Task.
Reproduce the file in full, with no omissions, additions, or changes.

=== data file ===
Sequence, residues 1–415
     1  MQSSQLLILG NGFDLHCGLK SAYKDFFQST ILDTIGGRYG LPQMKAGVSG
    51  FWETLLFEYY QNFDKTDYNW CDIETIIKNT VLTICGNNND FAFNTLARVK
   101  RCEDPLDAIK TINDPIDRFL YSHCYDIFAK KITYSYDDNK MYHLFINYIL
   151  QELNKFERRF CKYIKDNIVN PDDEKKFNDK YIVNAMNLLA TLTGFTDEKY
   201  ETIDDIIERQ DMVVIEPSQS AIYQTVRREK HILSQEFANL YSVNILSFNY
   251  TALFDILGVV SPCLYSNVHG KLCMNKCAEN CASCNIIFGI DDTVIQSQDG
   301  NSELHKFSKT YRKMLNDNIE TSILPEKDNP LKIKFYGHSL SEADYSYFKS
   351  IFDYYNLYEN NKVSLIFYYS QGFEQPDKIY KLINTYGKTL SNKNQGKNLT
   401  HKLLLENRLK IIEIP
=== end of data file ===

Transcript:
Sequence, residues 1–415
     1  MQSSQLLILG NGFDLHCGLK SAYKDFFQST ILDTIGGRYG LPQMKAGVSG
    51  FWETLLFEYY QNFDKTDYNW CDIETIIKNT VLTICGNNND FAFNTLARVK
   101  RCEDPLDAIK TINDPIDRFL YSHCYDIFAK KITYSYDDNK MYHLFINYIL
   151  QELNKFERRF CKYIKDNIVN PDDEKKFNDK YIVNAMNLLA TLTGFTDEKY
   201  ETIDDIIERQ DMVVIEPSQS AIYQTVRREK HILSQEFANL YSVNILSFNY
   251  TALFDILGVV SPCLYSNVHG KLCMNKCAEN CASCNIIFGI DDTVIQSQDG
   301  NSELHKFSKT YRKMLNDNIE TSILPEKDNP LKIKFYGHSL SEADYSYFKS
   351  IFDYYNLYEN NKVSLIFYYS QGFEQPDKIY KLINTYGKTL SNKNQGKNLT
   401  HKLLLENRLK IIEIP